Most significantly for Loon, ITPC and DNP+, the NACO guidance contains a provision for community dispensation through home delivery by PLHIV networks, and other local action plans to be “developed in consultation with ART centers and community networks, to ensure that PLHIV receive uninterrupted ART supply without having to travel to ART centres every month, if COVID-19 outbreak scenario arises.”
Within hours of the guidance being released, the countrywide lockdown came into effect. At that time, there was no shortage of medicines or ART stock-out, fortunately. But Loon had much more practical concerns.
“I was worried that our ART adherence would still be seriously affected, as people would have no way to reach their ART Centre in hospital. Lockdown also presents a serious risk for our community developing drug resistance,” he said.
With pressure peaking, and with little or no funding or resources, Loon took a radical decision. Under the banner of the community dispensation provision, he would use his motorbike to personally deliver ART to anyone in need. A nearby ART centre agreed to contact them if recipients of care failed to show up (after two days) to collect their meds.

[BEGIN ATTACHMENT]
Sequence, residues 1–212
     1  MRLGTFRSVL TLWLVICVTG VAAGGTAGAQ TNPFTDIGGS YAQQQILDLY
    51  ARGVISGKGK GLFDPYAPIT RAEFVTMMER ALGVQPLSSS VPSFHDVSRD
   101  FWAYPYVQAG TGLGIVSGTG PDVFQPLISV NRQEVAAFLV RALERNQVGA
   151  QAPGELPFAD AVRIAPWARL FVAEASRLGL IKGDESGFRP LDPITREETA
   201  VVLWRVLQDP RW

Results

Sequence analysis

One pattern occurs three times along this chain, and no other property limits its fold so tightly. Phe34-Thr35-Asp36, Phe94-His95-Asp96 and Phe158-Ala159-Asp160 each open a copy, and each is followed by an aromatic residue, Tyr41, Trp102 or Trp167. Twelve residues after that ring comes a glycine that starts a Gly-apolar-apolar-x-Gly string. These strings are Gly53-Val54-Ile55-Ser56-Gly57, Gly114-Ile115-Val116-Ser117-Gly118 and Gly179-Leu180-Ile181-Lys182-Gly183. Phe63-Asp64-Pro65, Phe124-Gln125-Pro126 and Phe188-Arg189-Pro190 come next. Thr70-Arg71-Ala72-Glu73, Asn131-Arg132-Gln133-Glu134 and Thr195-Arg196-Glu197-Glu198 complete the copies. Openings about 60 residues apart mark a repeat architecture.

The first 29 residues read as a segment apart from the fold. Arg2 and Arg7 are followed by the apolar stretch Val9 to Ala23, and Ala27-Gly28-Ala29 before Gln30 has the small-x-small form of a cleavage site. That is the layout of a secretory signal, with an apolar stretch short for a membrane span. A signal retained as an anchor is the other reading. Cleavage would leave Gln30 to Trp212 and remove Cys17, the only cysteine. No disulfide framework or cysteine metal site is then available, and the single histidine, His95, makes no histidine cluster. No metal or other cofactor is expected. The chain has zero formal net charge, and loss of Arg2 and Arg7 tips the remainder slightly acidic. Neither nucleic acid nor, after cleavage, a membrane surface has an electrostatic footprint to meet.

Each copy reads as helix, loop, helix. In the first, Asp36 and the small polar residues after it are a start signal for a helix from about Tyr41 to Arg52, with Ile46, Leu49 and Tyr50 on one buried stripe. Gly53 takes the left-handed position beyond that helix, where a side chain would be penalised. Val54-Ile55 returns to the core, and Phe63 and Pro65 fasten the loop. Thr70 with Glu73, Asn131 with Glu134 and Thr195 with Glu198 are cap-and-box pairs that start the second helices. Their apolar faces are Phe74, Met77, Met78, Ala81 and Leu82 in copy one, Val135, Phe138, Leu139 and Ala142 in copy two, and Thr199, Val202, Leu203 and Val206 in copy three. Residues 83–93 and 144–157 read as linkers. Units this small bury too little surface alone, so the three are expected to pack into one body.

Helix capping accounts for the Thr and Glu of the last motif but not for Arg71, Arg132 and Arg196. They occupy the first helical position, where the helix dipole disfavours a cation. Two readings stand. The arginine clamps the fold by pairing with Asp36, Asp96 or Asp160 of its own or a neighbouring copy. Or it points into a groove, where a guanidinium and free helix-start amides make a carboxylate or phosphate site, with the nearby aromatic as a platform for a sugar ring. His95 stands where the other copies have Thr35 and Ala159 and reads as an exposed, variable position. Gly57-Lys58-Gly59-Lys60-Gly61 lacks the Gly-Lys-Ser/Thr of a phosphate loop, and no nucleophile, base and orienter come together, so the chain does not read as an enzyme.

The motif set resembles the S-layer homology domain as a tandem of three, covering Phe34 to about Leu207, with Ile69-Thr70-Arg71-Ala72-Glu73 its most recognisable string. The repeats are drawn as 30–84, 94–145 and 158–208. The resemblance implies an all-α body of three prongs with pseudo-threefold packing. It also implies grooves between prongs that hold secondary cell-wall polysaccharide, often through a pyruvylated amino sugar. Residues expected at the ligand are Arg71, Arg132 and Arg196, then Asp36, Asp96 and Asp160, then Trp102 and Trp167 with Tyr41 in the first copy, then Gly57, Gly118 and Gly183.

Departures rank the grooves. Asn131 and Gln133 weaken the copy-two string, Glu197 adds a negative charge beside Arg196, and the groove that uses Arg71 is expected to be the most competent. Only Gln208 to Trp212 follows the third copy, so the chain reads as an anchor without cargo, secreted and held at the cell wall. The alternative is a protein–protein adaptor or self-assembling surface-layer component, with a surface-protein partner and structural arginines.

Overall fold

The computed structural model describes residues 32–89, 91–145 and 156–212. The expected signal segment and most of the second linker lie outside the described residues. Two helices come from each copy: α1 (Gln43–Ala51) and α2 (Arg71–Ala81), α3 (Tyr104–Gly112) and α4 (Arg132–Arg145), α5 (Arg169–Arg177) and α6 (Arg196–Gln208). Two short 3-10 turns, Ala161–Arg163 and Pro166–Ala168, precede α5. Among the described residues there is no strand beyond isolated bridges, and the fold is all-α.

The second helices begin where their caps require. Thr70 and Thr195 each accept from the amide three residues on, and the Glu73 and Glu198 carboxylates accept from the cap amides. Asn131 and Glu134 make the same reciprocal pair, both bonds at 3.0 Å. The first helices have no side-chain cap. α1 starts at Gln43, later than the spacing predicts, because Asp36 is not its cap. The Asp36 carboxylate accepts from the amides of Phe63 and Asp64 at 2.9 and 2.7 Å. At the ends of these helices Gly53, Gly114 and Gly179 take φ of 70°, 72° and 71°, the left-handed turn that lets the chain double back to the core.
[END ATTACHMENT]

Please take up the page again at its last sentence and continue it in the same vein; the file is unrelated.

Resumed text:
The scale of lost-to-follow-up quickly became apparent.
“On one day, we collected five boxes of first-, second- and third-line ART. This was a four-day backlog for 200 people living with HIV—150 people in Delhi and 50 on the outskirts of Delhi,” Loon said.
Loon, Hari and JP—the self-titled Covidherence Task Force—spent the next four weeks zipping around the locked down city, attending to emergency calls and community needs.
For the first nine frantic days, before they got official curfew permits from the Office of the Deputy Commissioner of Police South Delhi, Loon stuck a homemade poster with a big red cross and the words “HIV/HCV Medicine Provider” onto the windshield of his Royal Enfield Interceptor 650 roadster, just for some additional leverage with the cops.
The trio mapped out deliveries by zones and set out to help people living with HIV from across India—Aizawl Mizoram, Assam, Haryana, Utter Pradesh, Chandigarh, Punjab, Rajasthan, Bihar.
They would travel long distances to ensure people receive their medicines, at times checking the green book to ensure the correct treatment dose and medicine had been delivered.
“We are afraid of corona. We want to stay home. But the deadly virus that we host is non-negotiable. That’s why we work every day. We hardly sleep. I believe this pandemic illustrates the unique advantage of a PLHIV network, which other diseases like TB or even Hepatitis C do not have. How can we stay home if I know that my fellow community member is going to die without these medicines?” Loon said.